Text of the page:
The perfect tan in a bottle, but at what cost? The increasingly popular self-injecting “Barbie doll drug” Melanotan II is unregulated and, say doctors, could be dangerous.
It is a treatment which promises to leave you tanned, thin and stimulated. Melanotan II is said to suppress your appetite and increases your libido while leaving you bronzed regardless of the season, writes Science Reporter Asha Tanna. But this synthetic hormone is an unlicensed drug so its quality, safety and efficacy has not been tested. This means it is illegal to sell in the UK – but not to buy online.
And this loophole means the illicit global trade of online pharmaceuticals is flooding the UK and the country’s medicines regulator says the internet is “impossible to police” because these websites could be based anywhere in the world.
Melanotan II can only be injected with needles. It is designed to stimulate the pigment cells in your body to produce more melanin, which gives you a tan. After several injections and exposure to the sun or a sun-bed to kickstart the process, your skin tone is claimed to change from the inside out.
There have been no long-term clinical trials and the side effects of this chemical are unknown. Doctors say it could potentially be very dangerous because it has the ability to change the shape and colour of moles. Reactions to the drug vary from person to person ranging from acute allergic reactions, to dizziness, sickness and acne. There is no way of knowing what is actually in the bottle or how it will react to other medicines.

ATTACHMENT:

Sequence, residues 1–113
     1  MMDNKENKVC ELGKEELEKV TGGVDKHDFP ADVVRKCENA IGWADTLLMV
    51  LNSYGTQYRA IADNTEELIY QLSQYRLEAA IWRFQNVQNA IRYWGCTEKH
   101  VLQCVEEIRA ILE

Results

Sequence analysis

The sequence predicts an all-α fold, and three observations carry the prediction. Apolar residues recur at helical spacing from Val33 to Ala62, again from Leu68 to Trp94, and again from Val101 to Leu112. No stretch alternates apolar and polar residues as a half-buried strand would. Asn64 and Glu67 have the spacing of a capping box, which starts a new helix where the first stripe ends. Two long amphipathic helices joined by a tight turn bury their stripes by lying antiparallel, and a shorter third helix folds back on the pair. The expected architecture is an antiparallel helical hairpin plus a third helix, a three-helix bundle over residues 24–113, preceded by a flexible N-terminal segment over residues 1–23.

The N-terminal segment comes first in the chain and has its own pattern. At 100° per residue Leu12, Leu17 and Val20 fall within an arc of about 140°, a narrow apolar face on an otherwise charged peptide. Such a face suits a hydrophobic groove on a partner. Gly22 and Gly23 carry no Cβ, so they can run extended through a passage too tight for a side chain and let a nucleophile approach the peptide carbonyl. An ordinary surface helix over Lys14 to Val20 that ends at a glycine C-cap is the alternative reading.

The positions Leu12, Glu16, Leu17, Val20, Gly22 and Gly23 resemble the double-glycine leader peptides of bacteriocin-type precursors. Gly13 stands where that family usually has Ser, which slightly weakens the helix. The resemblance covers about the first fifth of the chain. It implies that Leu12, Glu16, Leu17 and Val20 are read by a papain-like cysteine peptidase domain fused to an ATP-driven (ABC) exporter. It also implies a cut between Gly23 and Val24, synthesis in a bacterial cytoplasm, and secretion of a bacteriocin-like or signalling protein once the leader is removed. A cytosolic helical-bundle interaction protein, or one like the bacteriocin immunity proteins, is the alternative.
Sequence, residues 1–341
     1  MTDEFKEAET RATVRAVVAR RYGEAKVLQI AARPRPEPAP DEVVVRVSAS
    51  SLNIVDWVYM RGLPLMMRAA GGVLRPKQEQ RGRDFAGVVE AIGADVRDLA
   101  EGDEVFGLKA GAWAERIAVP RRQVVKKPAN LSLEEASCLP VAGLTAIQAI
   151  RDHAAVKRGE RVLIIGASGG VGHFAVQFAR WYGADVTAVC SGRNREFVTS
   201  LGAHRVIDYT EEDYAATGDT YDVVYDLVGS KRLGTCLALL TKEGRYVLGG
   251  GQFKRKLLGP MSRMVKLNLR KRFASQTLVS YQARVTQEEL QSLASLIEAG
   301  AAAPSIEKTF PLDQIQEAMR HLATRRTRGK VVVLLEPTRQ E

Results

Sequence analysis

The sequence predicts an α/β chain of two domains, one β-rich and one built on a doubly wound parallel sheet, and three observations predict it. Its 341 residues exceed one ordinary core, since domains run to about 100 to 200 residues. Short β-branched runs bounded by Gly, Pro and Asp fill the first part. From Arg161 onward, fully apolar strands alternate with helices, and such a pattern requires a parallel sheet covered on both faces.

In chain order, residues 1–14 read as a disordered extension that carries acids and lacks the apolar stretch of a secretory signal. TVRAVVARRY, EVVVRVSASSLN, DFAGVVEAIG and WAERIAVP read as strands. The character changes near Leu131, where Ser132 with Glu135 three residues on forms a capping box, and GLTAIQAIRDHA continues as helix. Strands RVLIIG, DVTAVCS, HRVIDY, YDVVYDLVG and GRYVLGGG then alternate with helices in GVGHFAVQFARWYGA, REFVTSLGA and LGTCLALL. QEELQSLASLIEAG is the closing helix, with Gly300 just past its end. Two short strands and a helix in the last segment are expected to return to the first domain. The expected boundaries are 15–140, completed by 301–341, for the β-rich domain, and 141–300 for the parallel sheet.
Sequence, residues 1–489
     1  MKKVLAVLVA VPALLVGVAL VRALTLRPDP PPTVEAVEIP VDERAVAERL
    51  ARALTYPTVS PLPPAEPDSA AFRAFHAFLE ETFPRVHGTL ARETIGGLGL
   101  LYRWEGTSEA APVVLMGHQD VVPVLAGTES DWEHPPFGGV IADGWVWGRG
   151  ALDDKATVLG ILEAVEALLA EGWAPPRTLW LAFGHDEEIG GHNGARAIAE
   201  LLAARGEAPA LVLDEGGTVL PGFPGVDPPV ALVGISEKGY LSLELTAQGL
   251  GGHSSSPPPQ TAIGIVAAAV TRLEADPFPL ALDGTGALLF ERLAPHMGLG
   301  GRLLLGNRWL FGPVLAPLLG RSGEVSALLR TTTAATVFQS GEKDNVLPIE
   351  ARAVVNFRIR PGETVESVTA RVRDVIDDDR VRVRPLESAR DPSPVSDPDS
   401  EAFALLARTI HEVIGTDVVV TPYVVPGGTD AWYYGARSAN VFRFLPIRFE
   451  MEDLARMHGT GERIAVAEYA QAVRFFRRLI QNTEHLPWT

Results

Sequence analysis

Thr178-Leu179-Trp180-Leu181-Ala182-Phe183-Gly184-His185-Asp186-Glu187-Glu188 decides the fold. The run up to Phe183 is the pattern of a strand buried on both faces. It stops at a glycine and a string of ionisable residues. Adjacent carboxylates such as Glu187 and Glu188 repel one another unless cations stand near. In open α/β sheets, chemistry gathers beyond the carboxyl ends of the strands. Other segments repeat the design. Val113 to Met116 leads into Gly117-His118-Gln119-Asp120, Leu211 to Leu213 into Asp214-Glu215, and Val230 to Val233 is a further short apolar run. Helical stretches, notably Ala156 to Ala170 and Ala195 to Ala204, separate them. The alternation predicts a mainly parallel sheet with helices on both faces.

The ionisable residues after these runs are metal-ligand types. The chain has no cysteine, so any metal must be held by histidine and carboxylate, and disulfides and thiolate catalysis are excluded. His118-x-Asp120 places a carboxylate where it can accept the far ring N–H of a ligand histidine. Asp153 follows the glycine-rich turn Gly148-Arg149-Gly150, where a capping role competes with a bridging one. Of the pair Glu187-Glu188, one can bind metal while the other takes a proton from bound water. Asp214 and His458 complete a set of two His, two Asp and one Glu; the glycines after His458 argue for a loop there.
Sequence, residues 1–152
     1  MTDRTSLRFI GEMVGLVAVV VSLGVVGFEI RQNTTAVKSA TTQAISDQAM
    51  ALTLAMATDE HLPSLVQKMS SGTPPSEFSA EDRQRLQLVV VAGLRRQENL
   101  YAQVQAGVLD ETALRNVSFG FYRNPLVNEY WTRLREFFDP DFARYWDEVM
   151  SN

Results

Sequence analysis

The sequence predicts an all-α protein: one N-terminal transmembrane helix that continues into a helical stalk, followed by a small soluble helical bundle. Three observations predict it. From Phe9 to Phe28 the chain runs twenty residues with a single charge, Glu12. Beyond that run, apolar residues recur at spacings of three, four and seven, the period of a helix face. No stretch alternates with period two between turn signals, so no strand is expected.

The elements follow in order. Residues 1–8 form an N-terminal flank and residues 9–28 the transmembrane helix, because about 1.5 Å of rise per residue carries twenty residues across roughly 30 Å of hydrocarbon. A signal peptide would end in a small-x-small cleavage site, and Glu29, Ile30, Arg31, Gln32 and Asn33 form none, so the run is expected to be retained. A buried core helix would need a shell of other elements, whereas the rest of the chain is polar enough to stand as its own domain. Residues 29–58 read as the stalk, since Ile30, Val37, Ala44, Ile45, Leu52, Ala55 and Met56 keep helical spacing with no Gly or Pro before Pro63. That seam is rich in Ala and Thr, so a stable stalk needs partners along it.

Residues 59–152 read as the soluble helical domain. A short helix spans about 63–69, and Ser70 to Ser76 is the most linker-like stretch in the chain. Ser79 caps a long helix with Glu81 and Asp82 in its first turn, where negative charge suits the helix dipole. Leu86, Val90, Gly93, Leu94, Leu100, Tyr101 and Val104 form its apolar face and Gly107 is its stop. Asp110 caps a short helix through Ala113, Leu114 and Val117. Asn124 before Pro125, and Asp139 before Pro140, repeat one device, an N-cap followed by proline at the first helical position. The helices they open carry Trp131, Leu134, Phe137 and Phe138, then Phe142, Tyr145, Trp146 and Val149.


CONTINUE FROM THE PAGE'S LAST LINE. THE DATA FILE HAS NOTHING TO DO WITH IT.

And it is cheap to buy. The attraction, says Nichola Hill, a user from Hove says, “I get a tan in one quick and easy step. It’s like anything, I do it in moderation.”
Dr Patrick Bowler, a Harley Street dermatologist, told Channel 4 News that vanity is powerful force, which means even people afraid of needle overcome their fears. People, it seems, will do anything for the body beautiful. Following the explosion of non-surgical procedures on the cosmetic surgery market we appear to have become less squeamish about the use of needles. Women now pop out at lunchtime to get a Botox fix and anyone from hairdressers to dentists can administer the jab for you.
One woman from Sheffield, who wanted to remain anonymous, told us that she regularly used Melanotan 2 but hid it from her family. When I asked her why, she said they wouldn’t understand “because only junkies inject”.
Self-injecting also highlights other concerns about needle safety issues. There is the risk of blood-borne diseases such as hepatitis and HIV. One national health and social care charity, the Crime Reductions Initiatives (CRI) told Channel 4 News that almost half of users at its needle exchanges in England and Wales are injecting image-enhancing drugs, not opiates like heroine. At Stockton CRI, on Teesside, staff have noticed a sharp increase in the use of Melanotan 2 over the last two years.
There are no national figures for Melanotan 2 use or steroids, weight loss drugs or any other image enhancing drug. Staff at CRI’s needle exchange say the proportion of non-illegal drug users could be far higher because it remains unknown whether needles collected are shared with other users too.